This is the town where I want to die (but not yet)

Harold Goodwin

This is an edited version of the speech Harold gave as he stood down from the chair of the society.

This is the last time I shall speak to you as chairman at the AGM. I shall no longer be writing those introductory pieces that appear monthly in the Faversham Society Newsletter. I have written about a hundred of them. Our newsletter, now available from our website, is an important means of communicating with our members and the wider community. I would like to say a personal and sincere thanks to Stephen Rayner, editor of our newsletter, his professionalism and flexibility over publication dates.

I am not an historian, but I am very aware of how history and current events shape us. In my work to encourage responsible tourism, I often make the point that the future will be what we make it, but we make it in a world shaped by the past and by current events. I want to look back before addressing the present and the future.

When I entered the job market in 1976, I had lived in the north for six years; my university education was in York and Manchester. The idea of coming to live in the Home Counties was anathema. I did not intend to stay long. As some of you know, I was born and brought up in Coventry. The war badly damaged that city’s social fabric.

Coventry was rebuilt in the Modernist or Brutalist style – and I subscribe to the Brutalist perspective. We have some images in the Faversham Society archive of Modernist/Brutalist plans for the redevelopment of Faversham between Crescent Road and the guildhall. We escaped, at least in part, because of devaluation of sterling and the balance of payments crisis in the 1960s. We were luckier than Ashford and Sittingbourne.

It is worth remembering that the Romans did us a favour too, and that Watling Street was for a long time effectively a bypass.

Appointed by the Workers’ Educational Association (WEA), as tutor organiser for east Kent, I lived initially in Ashford. I was not happy there. However, I had the great good fortune to be tasked with re-establishing the Faversham branch of the WEA. So, I arrived at Jack Harris’s house on Bramblehill Road, and he suggested that we should adjourn to the Sun Inn, where I was introduced to the landlord as an old friend, and Jack asked that I be treated like a local. I was.

Details of the rest of that evening escape me; suffice it to say that I was unable to drive home. I stayed the night on the sofa, Jack went to work at BMM Weston and I wandered the town as I sobered up. I distinctly remember standing on the corner of East Street and Crescent Road, looking across at the Modernist Post Office, and thinking that I would like to die here in Faversham, not then, not imminently, but at some point, in the future.

I soon moved to Faversham, and I have lived here in the same half-square mile for 46 years. I held chairs in Leeds and Manchester but did not move back north; I have enjoyed Faversham with its northern characteristics of community, industry and extended families …  I have mostly been happy here.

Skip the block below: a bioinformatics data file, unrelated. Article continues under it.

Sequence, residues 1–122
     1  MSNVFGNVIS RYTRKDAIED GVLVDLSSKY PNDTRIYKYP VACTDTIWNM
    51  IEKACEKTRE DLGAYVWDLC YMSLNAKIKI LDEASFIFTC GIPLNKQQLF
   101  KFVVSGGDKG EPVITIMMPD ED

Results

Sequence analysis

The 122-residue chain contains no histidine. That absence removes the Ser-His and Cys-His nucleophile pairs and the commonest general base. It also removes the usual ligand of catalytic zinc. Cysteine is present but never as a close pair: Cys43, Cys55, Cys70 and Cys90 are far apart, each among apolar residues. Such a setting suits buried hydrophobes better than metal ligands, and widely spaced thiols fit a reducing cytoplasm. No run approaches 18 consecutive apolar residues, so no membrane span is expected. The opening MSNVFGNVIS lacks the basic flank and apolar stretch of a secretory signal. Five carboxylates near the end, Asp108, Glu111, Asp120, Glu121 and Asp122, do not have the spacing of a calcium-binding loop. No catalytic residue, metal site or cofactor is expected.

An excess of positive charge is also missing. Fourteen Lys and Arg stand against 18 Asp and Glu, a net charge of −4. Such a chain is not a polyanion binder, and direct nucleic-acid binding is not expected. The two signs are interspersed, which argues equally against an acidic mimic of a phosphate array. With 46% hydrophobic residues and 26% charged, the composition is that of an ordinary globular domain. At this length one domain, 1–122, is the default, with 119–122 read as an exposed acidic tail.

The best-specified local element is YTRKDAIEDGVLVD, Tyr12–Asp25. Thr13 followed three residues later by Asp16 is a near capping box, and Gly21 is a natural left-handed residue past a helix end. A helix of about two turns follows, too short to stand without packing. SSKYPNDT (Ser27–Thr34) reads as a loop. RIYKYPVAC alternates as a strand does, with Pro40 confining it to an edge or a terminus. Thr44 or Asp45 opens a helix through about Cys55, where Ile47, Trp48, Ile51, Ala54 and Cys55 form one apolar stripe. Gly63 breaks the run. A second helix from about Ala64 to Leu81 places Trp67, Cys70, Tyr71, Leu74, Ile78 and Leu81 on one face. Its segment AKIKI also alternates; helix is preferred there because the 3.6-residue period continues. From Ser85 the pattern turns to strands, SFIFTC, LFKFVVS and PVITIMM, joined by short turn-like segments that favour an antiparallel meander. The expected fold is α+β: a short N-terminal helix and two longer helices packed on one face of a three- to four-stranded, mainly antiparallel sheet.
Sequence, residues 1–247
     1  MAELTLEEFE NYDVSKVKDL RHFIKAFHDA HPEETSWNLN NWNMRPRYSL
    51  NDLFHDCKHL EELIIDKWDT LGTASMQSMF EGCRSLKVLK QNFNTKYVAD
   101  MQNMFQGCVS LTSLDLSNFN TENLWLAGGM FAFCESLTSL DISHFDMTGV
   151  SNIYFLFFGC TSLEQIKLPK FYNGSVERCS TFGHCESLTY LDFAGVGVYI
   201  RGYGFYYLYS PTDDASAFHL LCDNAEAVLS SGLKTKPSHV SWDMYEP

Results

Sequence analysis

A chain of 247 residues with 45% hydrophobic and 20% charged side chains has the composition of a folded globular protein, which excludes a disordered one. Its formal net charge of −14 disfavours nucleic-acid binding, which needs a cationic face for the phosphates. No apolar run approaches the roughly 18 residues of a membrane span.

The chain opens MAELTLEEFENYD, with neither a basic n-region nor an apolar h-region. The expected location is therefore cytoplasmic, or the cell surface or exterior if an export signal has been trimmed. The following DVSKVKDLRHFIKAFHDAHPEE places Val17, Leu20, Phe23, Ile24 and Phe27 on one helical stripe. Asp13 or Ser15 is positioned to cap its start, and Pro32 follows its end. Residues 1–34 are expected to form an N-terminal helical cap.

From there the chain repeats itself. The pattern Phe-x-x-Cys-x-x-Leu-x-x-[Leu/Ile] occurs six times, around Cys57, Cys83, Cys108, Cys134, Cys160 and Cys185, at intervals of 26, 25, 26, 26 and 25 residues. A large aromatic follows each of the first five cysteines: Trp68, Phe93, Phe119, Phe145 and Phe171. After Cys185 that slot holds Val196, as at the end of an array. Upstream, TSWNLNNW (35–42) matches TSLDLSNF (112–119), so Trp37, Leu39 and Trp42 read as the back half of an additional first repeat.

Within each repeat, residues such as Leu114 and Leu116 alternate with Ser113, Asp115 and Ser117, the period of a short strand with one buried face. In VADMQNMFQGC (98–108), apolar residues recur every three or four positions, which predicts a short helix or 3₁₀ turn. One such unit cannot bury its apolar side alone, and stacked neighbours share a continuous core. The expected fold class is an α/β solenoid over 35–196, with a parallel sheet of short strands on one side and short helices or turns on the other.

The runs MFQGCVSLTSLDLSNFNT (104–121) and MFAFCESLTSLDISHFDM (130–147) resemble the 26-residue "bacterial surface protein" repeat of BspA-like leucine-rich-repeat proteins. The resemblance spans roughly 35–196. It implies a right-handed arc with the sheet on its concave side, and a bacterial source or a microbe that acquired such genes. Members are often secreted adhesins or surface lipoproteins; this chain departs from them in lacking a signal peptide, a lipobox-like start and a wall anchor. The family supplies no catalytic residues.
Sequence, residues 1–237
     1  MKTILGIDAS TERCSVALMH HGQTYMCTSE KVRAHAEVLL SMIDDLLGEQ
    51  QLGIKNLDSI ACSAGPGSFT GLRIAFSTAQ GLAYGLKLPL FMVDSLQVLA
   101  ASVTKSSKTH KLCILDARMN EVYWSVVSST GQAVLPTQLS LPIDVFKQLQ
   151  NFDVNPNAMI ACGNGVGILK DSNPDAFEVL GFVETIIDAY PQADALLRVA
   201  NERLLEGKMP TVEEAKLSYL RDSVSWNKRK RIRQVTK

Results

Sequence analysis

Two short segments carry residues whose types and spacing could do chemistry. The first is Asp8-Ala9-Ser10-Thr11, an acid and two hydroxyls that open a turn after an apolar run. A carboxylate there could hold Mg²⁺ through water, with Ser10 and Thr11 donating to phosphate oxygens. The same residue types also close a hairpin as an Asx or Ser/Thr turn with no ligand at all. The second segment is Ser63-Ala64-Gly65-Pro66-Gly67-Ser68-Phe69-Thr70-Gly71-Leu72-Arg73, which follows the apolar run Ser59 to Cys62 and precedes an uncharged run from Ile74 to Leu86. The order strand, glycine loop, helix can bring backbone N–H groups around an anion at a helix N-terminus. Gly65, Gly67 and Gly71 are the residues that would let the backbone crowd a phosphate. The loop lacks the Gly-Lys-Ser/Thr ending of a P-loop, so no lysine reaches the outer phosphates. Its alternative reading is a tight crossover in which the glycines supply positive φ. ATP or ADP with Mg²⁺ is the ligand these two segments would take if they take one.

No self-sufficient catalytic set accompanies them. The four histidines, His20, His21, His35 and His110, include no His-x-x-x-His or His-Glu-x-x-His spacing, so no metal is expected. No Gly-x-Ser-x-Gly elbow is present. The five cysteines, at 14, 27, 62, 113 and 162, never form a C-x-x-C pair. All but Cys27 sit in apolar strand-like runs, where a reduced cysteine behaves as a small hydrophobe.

But my love of Faversham was, and is, a vulnerability. As tutor organiser, I encouraged, perhaps cajoled, Arthur Percival to teach an adult education class on Faversham’s history, and the Jaunts followed. In 2014 Arthur invited me for tea, and pointed out that I had benefited from the work of the Society in conserving the town and that it was time I contributed. I was well and truly Arthured. He asked me to stand for the board. In a moment of madness, I agreed.

Arthur made it clear that I had a responsibility to stand for election and join the board. I well remember Brian Kelsey’s lecture to me as a new member of the board about how careful we had to be with the society’s money. I realised later that he was making the point to the whole board. His stewardship has played a significant role in ensuring our strong financial position. Two years later, in 2016, no one was willing to take over from my predecessor Michael Frohnsdorff; I was again pressed and agreed to stand for the chair.

I was elected in June 2016. It was not a role I sought, but others felt that I should. That responsibility is real. When one of the groups who had hired the Fleur hall managed to press two fire alarm buttons in quick succession, we had five fire appliances in Preston Street. Thankfully, it was a false alarm. However, senior officers from the fire service demanded a meeting and my name and home address. They were clear about where responsibility lay.

As chair, I was initially handicapped by being relatively unknown to our volunteers. The volunteers are the key to everything we do. We have close to 200. Ann Furedi, has been a volunteer in the bookshop for a decade. If elected this evening, I will stay on as vice-chair for at least a year or two to support our new chair in the transition.

I feel strongly that too much is expected of too few in the Faversham Society. We can only do what volunteers want to do – after all, we are all volunteers. But, insurance, health and safety, leases and finances have to be agreed and signed, and shops have to be opened and closed. The responsibility falls to a few on the executive board, presently Jan West, Jonathan Carey, Leigh Allison, Andrew Holden and Katie Begg, and in the VIC, Christine Smith and her team, in the bookshop Wendy Clarke and Ann Furedi and their team; and in the museum Heather Wootton and her team. The board will decide the membership and chairs of its subcommittees when it meets next month.